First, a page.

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Al Dorow, an extraordinarily adroit young man with the temperament of a river boat gambler, has taken a large hand in scrambling the standings in the National Football League during the past several weeks. The Washington Redskins, who had been in the doldrums when early injuries deprived them of two key backs—Eddie Le-Baron and Vic Janowicz—have suddenly developed a cohesive attack to match their fine defense. And the man most responsible is Dorow, a three-year veteran used sparingly his first two seasons but who has matured rapidly under the pressure of full-time quarterbacking. The Washington team exploded suddenly and thoroughly Sunday, blistering the New York Giants 33-7 in their best offensive effort of the season.
Behind this new surge of the Redskins is a series of developments. The club was strong throughout the training period until LeBaron twisted a knee in practice and Dorow, his replacement, was injured in an automobile accident. Deprived of an experienced quarterback, the Redskins had to depend much too heavily on their defense as the season opened. However, they picked up Tommy Runnels, a good rookie halfback from the Rams, and Dick James, another rookie, developed rapidly. Then, when James was hurt, the team got Billy Wells back from service. By the time Dorow returned to action, the timing and precision of the offense began to fall into place until by last Sunday it was as good as it had been when the two quarterbacks were injured.
Now tied with the Chicago Cardinals in the loss column, the Redskins are in a position to overhaul the Giants when the two teams square off in Yankee Stadium on December 2. With their offense at top operating efficiency, the Redskins must be rated an even choice with New York and Chicago for the Eastern Conference title.
The Cleveland Browns, after stumbling through early games while searching for an adequate replacement for Otto Graham, may have found one in Tommy O'Connell, the onetime Illinois star who threw a scoring pass in the Browns 16-0 victory over the Philadelphia Eagles and also directed the Brown running capably. The Brown defense, which had sagged a bit during the long offensive drought, seems to have returned to normalcy. The Eagles could gain a total of only 71 yards against them—68 running and 3 passing. Although the Browns—for the first time in the club's history—seem out of the running for the division championship, they hold the key to the title during the next four weeks, when they play each of the three contenders, beginning with Washington next week. They close the season with successive games against the Giants in New York and the Cardinals in Cleveland.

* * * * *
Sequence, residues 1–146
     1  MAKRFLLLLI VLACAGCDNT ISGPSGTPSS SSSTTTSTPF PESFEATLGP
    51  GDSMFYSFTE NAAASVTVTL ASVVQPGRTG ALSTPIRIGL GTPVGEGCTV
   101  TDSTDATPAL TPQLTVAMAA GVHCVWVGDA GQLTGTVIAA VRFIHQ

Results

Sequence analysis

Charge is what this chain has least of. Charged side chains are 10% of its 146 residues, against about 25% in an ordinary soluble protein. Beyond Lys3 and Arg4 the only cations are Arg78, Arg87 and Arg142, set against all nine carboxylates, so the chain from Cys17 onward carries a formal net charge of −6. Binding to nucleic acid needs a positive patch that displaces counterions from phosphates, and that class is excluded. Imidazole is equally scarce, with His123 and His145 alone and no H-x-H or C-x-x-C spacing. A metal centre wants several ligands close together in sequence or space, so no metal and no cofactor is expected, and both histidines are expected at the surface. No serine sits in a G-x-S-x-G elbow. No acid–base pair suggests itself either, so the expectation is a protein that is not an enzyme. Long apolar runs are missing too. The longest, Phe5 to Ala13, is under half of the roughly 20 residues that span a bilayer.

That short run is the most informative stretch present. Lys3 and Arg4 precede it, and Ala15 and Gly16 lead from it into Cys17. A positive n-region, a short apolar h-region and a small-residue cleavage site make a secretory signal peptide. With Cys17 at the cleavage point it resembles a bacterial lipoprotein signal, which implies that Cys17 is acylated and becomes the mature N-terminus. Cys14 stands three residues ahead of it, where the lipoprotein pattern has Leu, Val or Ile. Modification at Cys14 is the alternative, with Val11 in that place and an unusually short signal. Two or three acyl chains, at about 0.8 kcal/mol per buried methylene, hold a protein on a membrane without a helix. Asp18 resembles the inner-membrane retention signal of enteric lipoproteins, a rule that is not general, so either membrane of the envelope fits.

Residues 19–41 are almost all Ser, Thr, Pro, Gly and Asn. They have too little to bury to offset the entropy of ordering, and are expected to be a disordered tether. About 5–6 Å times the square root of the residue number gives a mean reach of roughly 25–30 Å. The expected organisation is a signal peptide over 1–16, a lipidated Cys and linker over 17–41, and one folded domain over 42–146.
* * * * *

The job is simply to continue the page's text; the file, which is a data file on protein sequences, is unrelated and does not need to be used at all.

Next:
The Pittsburgh Steelers found the answer to the running power of the Chicago Cardinals' split-T attack. In a 14-7 upset Sunday, the Steelers limited the Cardinals' Ollie Matson to 13 yards in 13 carries, twice halting Cardinal drives inside the ten. A seven-man line choked off the Cardinal power, with the fine play of George Tarasovic at left end especially instrumental in containing Matson's usually explosive sweeps. The Steelers, hampered by injuries to brilliant rookie Lowell Perry and equally brilliant veteran Lynn Chandnois, came up with a surprise offensive package in Lou Baldacci. The ex-Michigan University right half, subbing for Chandnois, made a shambles of the Card defense, taking pitchouts and passes from little Quarterback Ted Marchibroda. He churned 116 yards in 16 rushes and grabbed four passes for another 54 yards. The threat of Baldacci to the outside opened the Cardinal middle enough for Fullback Fran Rogel to gain 112 yards in 18 carries.
[This article contains a table. Please see hardcopy of magazine or PDF.]
The Chicago Bears dusted off a weapon which has nearly disappeared from the arsenals of professional football and used it Sunday for a decisive touchdown in their 30-21 victory Over the Los Angeles Rams. Against the seven-man secondary defense now fashionable among the pros, the once important long pass has fallen into disuse. But the Bears, equipped with one of pro football's finest offensive ends in Harlon Hill and a spring-armed passer in Ed Brown, connected for an eye-popping 68-yard scoring maneuver. The fleet Hill, legging it well behind the Ram deep defenders, tucked in a prodigious heave from Brown (53 yards in the air) and scampered 15 more yards to the touchdown.
The Bears demonstrated once again the remarkable versatility and depth which marks their offense. With Scatback Perry Jeter on the sidelines with a broken bone in his ankle, the Bears dug into their well-stocked bench and came up with rookie Halfback Don Bingham. Bingham proceeded to run a hundred yards with a Ram kickoff to open the second half and give the Bears a 17-point lead. They needed the big bulge as the Rams, who have shown signs of flexing muscles long unused, rallied fiercely through the second half on the passing of Bill Wade to score three touchdowns. Oddly, the Ram attack accounted for the same yardage in the air as on the ground—226.